To assess whether the formation mechanisms modelled here are robust, we compare the model results with real-world observations from the corrugation ridges observed at Thwaites (see Sect. 2.2, Tables 2, S1). We directly compare modelled output with observations for 14 d periodicity, ridge amplitude, ridge-height-spacing correlation, and the production of individual or composite ridge forms. We also consider, in a more qualitative way, ridge (a)symmetry and consistency of ridge morphology. We then utilise existing knowledge of glacial sediments from former grounding-line settings (e.g. Lindén and Möller, 2005; Demet et al., 2019; Smith et al., 2019) and from well-known sedimentary processes to make inferences about the potential sedimentological properties of corrugation ridges formed by each mechanism. To date, corrugation ridges have not been directly sampled. Our observations from Thwaites and sedimentological inferences for each mechanism are presented in a simplified form in Table 2, and further details and discussion of the evidence for each mechanism supplemented by referenced background information is given in Supplement Table S1. We consider the plausibility of each mechanism in turn.

3.2.1 Constant till flux mechanism

The till flux mechanism produces mostly double-peaked or highly composite ridge forms, with no clear fortnightly pattern to either the spacing or ridge height (Fig. 3a, b). This strongly contrasts our Thwaites observational dataset (Tables 2, S1) with its one ridge per tidal cycle, as well as numerous other tidally modulated ridge landforms (Jakobsson et al., 2011; Graham et al., 2013; Dowdeswell et al., 2020; Supplement Text S1, Fig. S1). So, while this is the simplest conceptual model, we clearly must discount it.

3.2.2 Till extrusion mechanism

The till extrusion models, with either a constant till flux or grounding-line compression, produce ridges that are arguably most similar to the very regular features observed at Thwaites (Fig. 3c, e, i), although some differences do exist. The observed 14-ridge periodicity (Sect. 2.2) is reproduced, as is the normal correlation between ridge height and spacing (Tables 2, S1). As stated in Sect. 2.1.2, we cannot assess the symmetry of ridges produced by this mechanism because we assume that each ridge forms with the same geometry: a landward-facing side reflects the ice-shelf base cavity angle (equal to θeff), and the seaward-facing side is vertical. This is shown clearly in the model results in Fig. 3c and e in comparison with the symmetric forms in Fig. 3i. More complex modelling of the extrusion process, viscous slumping of the ridge, and ice-till coupling during the push process for a subglacial till type of material would be required to allow a detailed comparison of ridge shape. However, we do note that when effective slopes most similar to the observed bed at Thwaites (θeff=0.02) are used, pronounced composite ridges are formed, resulting in a long wavelength (λ∼90 m) cyclicity in bed topography (Fig. 3c, e). By way of comparison with the Thwaites observations, although some corrugation ridges do appear to climb and descend longer wavelength topography, we do not see any clear evidence for either composite ridges or regular bed undulations in the sea-floor data.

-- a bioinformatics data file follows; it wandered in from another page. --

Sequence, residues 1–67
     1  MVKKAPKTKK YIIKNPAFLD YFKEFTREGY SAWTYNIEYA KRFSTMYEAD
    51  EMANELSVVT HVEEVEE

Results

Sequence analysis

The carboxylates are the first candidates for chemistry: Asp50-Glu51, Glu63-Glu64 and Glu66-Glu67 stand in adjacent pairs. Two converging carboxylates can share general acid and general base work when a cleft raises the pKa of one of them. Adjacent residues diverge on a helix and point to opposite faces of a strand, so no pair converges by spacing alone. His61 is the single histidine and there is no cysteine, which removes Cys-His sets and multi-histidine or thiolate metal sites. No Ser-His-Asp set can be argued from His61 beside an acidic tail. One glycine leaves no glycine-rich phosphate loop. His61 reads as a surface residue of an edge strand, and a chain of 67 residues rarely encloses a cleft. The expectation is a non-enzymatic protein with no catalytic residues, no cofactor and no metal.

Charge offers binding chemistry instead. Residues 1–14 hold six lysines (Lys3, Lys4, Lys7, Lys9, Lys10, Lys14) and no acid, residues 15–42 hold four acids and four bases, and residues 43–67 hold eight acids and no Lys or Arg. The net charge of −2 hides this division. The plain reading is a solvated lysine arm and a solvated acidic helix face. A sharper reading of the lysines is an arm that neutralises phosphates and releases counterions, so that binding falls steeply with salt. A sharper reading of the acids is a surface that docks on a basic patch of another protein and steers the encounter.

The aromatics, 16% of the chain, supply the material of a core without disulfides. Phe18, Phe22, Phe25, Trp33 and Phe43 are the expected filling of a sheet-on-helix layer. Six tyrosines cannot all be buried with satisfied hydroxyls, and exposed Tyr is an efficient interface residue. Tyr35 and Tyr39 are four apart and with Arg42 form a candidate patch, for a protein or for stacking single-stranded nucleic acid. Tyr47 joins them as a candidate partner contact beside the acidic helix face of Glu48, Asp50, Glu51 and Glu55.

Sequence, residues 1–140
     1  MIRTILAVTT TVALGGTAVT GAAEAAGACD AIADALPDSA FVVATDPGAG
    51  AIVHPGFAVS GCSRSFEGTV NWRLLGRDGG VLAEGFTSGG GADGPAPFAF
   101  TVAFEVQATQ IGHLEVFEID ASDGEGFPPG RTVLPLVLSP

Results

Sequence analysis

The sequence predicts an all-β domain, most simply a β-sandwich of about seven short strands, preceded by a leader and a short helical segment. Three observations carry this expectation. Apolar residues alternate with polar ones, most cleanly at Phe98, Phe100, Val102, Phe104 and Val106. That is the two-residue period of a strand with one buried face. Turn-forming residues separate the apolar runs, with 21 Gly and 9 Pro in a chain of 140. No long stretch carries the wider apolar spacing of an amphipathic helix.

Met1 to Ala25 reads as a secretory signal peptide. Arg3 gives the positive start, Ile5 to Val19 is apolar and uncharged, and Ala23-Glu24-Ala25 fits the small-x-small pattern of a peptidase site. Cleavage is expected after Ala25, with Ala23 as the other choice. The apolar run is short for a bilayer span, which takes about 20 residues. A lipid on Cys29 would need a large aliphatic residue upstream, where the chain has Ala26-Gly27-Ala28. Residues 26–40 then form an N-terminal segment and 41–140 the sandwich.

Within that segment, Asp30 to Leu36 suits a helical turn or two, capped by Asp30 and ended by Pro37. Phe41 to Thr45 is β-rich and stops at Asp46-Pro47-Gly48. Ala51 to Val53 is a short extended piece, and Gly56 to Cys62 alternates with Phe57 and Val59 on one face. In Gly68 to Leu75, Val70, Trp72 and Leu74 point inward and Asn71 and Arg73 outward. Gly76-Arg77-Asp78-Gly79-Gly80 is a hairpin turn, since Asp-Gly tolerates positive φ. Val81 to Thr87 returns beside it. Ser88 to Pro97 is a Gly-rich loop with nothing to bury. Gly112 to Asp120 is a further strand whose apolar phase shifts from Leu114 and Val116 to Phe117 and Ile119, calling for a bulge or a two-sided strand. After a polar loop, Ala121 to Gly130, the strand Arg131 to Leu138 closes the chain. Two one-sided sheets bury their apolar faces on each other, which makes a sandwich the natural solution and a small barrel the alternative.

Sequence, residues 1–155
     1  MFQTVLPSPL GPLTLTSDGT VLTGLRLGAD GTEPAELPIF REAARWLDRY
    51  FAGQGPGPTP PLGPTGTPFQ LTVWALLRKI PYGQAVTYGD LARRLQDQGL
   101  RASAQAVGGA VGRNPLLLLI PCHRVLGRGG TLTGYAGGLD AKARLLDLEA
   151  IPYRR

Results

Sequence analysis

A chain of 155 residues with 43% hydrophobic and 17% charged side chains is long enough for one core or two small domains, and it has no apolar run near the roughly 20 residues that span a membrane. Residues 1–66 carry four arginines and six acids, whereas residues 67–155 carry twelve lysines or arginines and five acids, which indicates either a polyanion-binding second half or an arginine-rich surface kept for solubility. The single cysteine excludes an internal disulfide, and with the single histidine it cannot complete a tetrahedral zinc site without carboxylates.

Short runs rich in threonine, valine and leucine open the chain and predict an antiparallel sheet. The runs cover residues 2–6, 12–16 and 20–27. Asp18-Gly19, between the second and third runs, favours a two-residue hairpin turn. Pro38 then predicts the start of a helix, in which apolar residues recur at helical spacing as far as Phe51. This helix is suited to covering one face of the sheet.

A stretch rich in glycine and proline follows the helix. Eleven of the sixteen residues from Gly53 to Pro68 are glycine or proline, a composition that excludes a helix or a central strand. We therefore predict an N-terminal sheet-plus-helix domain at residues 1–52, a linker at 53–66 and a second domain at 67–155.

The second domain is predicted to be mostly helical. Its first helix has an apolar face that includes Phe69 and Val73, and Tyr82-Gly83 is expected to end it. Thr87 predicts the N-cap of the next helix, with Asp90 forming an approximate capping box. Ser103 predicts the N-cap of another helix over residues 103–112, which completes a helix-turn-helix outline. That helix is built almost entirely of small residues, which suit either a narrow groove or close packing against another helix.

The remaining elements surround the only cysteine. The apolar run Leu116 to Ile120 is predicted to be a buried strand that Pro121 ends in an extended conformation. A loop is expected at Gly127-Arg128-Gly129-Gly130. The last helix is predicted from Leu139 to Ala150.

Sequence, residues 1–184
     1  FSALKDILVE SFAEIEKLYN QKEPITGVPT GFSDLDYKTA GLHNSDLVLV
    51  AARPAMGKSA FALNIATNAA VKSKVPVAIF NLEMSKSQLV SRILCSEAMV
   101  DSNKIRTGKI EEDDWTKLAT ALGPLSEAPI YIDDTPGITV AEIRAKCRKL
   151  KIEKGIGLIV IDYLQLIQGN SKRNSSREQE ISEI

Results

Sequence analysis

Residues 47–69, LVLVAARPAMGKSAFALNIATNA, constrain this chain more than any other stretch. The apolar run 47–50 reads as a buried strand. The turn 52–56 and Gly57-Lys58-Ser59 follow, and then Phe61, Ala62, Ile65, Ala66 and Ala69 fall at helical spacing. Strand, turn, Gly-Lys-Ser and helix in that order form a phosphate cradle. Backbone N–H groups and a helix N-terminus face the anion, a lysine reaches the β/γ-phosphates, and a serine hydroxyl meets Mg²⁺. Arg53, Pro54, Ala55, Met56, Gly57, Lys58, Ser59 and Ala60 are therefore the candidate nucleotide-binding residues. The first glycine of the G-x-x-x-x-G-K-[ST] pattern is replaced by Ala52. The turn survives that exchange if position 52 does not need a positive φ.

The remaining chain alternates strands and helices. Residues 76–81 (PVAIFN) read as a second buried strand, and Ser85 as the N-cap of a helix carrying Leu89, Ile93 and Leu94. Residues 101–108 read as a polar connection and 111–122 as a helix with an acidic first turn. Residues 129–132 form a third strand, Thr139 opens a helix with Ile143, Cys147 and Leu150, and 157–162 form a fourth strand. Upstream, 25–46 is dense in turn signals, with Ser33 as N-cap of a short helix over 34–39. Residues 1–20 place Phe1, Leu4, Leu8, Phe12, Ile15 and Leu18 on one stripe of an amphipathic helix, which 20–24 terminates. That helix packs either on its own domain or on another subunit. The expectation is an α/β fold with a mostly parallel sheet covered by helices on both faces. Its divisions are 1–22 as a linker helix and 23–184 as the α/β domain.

An extrusion-type model is the mechanism favoured by marine geoscientists (Dowdeswell et al., 2020; Graham et al., 2022) based on form analogy with other landforms produced at glacier and ice-sheet grounding lines. Recessional or De Geer moraines that form by push as a grounding line readvances over a bed of unconsolidated sediments (Boulton, 1986; Lindén and Möller, 2005) can also have very regularly spaced, repeating morphologies when produced annually by winter readvances of local glacier fronts (e.g. Ottesen and Dowdeswell, 2006; Todd et al., 2007; Burton et al., 2016). However, these moraines tend to be at least an order of magnitude larger in their dimensions (height, width, slope angle) and are often asymmetric in cross section due to the forward motion of grounding-line readvance steepening the ice-distal ridge face (Boulton, 1986). Here, the model only simulates the resettling of ice on to deformable (recently subglacial) sediments at the low-tide position squeezing sediment up into a small ridge, leaving an imprint of the grounding line on the sea floor. As such, we do not expect to recreate ridge asymmetry with this model but note that only the landward side of the corrugation ridge should reflect the shape of the ice base as it touches down onto the bed (Tables 2, S1). We also do not expect any significant modification of ridge shape by post-formation downslope processes (e.g. slumping), owing to the incredibly shallow slopes of their flanks: Graham et al. (2022) report median values of 0.05–0.2 for both flanks.